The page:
Equine Medicine

Equine MedicineEveryone knows what big babies men are about illness.   One little sniffle and they’re down for the count. Then it’s, “Sweetie, could you bring me some hot tea with honey,” and “Honey, how about some chicken soup?” Next thing you know, your big baby is asking for tissues, Tylenol, NyQuil, cough drops, the heating pad, extra blankets, Vicks, etc., etc.

I’ve fluffed pillows for my own big baby, laid cool clothes across his forehead, run for warm socks and Theraflu in the middle of the night when he woke up with chills. I’ve administered B-12, zinc drops, vitamin C, and Echinacea. And one time, I even held his hand and shot nasal spray up his nose because he has this thing about his nose. He can barely stand for the doctor to touch it. It’s quite hilarious.

Anyhow, during a routine checkup for my big baby, the doctor asked if he wanted a flu shot. Now my baby knows how bad flu can be for someone who has dealt with asthma all his life. You don’t want flu on top of that. So naturally, he accepted the shot.

I asked him how his doctor visit went when he came home. He told me that all was well and that he got a flu shot. I snorted because I am the exact opposite of my big baby when it comes to health.  I am not cautious, I put off going to the doctor as long as possible and usually only go kicking and screaming, I would die in my own bed before admitting that I was sick, I only do shots if they’re in glasses, and I think doctors see you coming with dollar signs dancing before their eyes.

So, I had to rag on him just a titch about the shot.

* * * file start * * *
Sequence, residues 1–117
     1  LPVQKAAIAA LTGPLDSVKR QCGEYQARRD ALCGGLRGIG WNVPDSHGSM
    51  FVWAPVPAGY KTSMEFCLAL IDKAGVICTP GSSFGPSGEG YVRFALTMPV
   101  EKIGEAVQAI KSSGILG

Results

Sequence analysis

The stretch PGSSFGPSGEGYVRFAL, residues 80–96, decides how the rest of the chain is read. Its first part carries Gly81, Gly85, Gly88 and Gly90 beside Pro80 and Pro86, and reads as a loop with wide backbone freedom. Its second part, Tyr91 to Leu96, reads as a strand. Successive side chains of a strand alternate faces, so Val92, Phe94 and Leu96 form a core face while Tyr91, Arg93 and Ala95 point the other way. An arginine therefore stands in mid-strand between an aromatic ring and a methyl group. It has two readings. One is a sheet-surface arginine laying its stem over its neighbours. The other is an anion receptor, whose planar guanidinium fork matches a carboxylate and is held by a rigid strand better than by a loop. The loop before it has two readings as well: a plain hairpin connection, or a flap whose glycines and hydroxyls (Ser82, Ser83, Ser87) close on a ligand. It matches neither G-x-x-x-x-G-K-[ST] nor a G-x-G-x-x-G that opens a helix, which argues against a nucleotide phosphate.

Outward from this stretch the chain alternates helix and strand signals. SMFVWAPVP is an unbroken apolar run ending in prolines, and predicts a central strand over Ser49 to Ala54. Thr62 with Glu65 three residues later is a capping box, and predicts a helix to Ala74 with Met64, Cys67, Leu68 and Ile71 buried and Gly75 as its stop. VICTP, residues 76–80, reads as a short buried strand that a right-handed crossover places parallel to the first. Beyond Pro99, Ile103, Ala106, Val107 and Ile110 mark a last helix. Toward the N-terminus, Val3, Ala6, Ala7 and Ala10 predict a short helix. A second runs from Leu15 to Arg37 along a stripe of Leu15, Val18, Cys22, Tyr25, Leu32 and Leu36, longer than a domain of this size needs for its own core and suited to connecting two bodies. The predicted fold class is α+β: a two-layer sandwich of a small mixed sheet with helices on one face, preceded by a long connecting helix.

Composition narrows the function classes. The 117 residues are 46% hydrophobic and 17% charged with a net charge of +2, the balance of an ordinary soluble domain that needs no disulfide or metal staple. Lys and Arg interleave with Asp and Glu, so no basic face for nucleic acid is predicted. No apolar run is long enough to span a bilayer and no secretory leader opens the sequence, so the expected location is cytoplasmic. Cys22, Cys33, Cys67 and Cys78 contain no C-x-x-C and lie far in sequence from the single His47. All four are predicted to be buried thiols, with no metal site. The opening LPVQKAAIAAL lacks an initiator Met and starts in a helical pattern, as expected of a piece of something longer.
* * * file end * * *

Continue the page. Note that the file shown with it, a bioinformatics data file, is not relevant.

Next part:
“Boy, did they see you coming. You go in for one reason and they score big bucks getting you to take a shot.”

“Well, this way I won’t get flu.”

“Do you know how many people get the flu anyhow? And they probably wouldn’t have if they hadn’t taken the stupid shot. You’ll be sorry.”

Now this may sound harsh, but we’ve teased each other quite wickedly for over twenty years of marriage. We totally get each other’s sense of humor. Besides, a few months later, big baby had his revenge. I developed the longest lasting case of flu I have ever had. And no, I hadn’t taken the shot.

Weeks after my doctor somewhat proudly announced that I had flu (I suspect he felt bitter yet superior over my stubbornness), I was still suffering under the effects of the illness. I couldn’t regain my energy which left me listless and not a little crabby.

One day, while complaining about how long it had been since I felt well, big baby reminded me that I hadn’t taken the flu shot. He even suggested that I probably should have and said something like who’s sorry now. Well, of all the gall! Can you believe he’d kick me when I was down? I summoned what little energy I could to retaliate.

“Yeah, well, you’re like an old draft horse, you know?”

“What do you mean?”

“They lead you where they want you to go, and you comply. Just strap on a bag of oats and ole Willy will take the shot. I, on the other hand, am a thoroughbred.”

“Yeah! High-strung, stubborn, and unpredictable!”

(Long, long pause for shared laughter. Still laughing. Still laughing. Finally, we’re winding down.)